When my husband and I started dating, he took me to a vintage toy shop his friend ran, and after the second or third trip, I finally asked if he had an Endor Leia. Sure enough, he did, and she wasn’t that expensive. (I guess not everyone lost theirs in tragic lawnmower accidents.) Brad bought her for me, and a wave of nostalgia rushed over me. It’s cheesy to say, but it’s like she’d come home, even though I know she wasn’t the same one I had. That Leia has been on several adventures with me, including to meet Princess Leia herself, Carrie Fisher. Here’s a photo of Endor Leia in her natural habitat, next to my photo with Carrie Fisher.

– Stacey

Follow Stacey on Twitter at @geeky_vixen and visit her article archive right here on the website. You can also listen to her on The Retro Network Podcast Channel on several Roundtable Review episodes and as a Situation Jukebox champion.  

 

Boba Fett

I have been a Star Wars fan since I saw those big letters scrolling up the screen when my parents took me and my brother to see the first film in the theater as children. It was only natural that the Kenner Star Wars action figures would quickly become one of my favorite toy-lines for many years.  Imagine (or remember) a time before even the VCR, and certainly well before the DVD or DVR, when you couldn’t just watch a movie or show whenever you wanted and as often as you wanted. A kid who was obsessed with Star Wars took whatever exposure to the film he could get whether that was books, magazines, records, trading cards or, best of all, action figures. We used our imagination and those little action figures to recreate scenes or play out new ones. I am so glad that George Lucas made that brilliant decision to sell action figures as part of his merchandising strategy (and I bet he is, too) because they provided hours and hours of enjoyment during my childhood. Of all of my prized Star Wars action figures, I think my favorite has to be Boba Fett.

The Boba Fett action figure was first made available only through a mail-away offer in 1979. The offer was presented before we would even see him in The Empire Strikes Back for the first time, though the character was technically first introduced in the infamous 1978 Star Wars Christmas Special. Many don’t remember that the bounty hunter actually made an appearance in a cartoon segment where he pretends to befriend Han, Chewie, Luke and Leia while secretly plotting with Darth Vader to trap the Rebel Alliance. [He would later be inserted into a scene in the Special Edition version of A New Hope, but that doesn’t count since it was released in 1997.] Based on the Christmas Special cartoon and his upcoming larger role in 1980’s The Empire Strikes Back, Kenner made Boba Fett available by mail if you sent in four proof-of-purchase seals from other Star Wars action figures. Here is a TV commercial promoting this special mail-away offer…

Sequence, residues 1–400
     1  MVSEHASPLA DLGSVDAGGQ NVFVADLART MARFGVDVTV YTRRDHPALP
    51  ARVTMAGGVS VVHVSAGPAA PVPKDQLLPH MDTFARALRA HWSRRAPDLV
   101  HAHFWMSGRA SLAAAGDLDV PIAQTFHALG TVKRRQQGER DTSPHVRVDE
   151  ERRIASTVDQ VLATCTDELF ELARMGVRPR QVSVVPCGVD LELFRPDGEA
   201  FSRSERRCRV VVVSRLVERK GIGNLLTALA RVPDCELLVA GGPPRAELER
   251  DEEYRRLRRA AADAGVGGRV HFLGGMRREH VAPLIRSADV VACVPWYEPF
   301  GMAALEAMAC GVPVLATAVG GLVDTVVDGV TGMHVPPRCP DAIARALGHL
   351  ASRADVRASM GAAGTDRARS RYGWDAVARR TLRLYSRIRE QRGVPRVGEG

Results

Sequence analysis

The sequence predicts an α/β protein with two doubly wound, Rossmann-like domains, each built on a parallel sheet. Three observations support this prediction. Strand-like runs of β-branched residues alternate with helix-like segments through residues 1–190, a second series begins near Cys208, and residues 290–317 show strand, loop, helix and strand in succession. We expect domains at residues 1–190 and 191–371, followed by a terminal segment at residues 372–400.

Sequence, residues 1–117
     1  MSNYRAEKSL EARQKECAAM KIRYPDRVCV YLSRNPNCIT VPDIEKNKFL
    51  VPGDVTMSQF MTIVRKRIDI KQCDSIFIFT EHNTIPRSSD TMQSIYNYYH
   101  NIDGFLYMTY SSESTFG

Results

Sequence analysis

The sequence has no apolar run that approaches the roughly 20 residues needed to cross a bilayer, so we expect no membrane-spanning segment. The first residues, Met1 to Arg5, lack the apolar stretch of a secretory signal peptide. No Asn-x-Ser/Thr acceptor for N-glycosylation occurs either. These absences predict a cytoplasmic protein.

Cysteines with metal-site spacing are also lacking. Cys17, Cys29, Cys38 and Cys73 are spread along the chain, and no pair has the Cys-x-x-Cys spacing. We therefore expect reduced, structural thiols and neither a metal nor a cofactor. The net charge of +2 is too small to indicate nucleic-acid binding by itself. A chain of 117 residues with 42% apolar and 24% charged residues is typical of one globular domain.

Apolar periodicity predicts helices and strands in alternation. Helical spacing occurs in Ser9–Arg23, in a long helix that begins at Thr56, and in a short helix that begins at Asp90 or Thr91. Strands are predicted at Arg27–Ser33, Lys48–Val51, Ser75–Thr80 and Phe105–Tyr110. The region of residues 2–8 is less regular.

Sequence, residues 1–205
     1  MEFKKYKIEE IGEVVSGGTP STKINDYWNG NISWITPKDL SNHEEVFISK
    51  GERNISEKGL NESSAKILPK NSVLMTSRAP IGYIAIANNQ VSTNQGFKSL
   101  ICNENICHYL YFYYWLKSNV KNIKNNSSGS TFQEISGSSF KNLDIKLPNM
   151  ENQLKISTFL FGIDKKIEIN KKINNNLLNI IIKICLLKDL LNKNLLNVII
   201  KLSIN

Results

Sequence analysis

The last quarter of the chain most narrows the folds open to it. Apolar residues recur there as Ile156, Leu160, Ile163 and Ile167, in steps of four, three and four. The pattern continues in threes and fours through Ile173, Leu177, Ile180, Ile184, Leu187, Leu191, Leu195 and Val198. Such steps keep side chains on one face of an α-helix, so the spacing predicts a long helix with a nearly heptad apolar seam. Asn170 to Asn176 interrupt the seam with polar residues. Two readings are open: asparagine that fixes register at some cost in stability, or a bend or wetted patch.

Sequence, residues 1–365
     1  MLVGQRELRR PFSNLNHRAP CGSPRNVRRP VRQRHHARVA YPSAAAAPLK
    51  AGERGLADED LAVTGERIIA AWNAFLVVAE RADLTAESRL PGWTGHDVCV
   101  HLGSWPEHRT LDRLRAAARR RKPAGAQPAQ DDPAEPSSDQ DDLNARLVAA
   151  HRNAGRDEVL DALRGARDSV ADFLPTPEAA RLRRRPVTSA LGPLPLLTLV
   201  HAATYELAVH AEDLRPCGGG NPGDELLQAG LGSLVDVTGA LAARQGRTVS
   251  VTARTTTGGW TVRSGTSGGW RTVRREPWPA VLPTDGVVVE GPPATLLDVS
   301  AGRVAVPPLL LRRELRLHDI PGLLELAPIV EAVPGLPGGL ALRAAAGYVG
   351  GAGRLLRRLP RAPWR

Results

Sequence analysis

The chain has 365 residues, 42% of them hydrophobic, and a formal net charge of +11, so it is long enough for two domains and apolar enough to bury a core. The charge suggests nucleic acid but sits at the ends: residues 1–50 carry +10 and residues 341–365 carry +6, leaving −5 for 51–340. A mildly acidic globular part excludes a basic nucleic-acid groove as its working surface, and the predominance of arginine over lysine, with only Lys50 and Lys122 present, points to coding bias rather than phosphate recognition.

The Boba Fett action figure was originally intended and advertised to have a spring-launched rocket-firing back pack, but it was removed for safety reasons prior to shipping any of them out to customers. He still had his back pack, but the rocket was firmly attached to it and did not launch preventing it from shooting into someone’s eye or being swallowed by a small child. It is reported that some prototypes with the rocket-firing back pack have made it out into the market and have become quite valuable and highly sought-after due to rarity. I was more than happy with my Boba Fett just the way I received him back then. My brother and I both sent in our proof-of-purchase seals and eagerly anticipated the arrival of our action figures. Boba Fett was extra special because you could not buy him in stores; you could only get him though this special mail-in offer. I think that is partly why Boba Fett always remained one of my favorites. We couldn’t wait to see what role the bounty hunter would play in The Empire Strikes Back since we received the action figure about a year before the film was released. He didn’t let us down. Boba Fett was pretty badass in the movies (until he later screamed like a girl, slammed into the side of Jabba’s barge and was swallowed by the sarlacc in Return of the Jedi). Another plus is that, since he wore a mask, his action figure looked more exactly like the character on-screen in the movie. This is an advantage that the action figures for Darth Vader and the droids had over those with human faces like Luke, Han and Leia. I still have my original well-played-with Boba Fett action figure over 30 years later (see picture). He sits on my desk next to my computer and is another reminder of how much I still love Star Wars (and the ’80s).

– Tim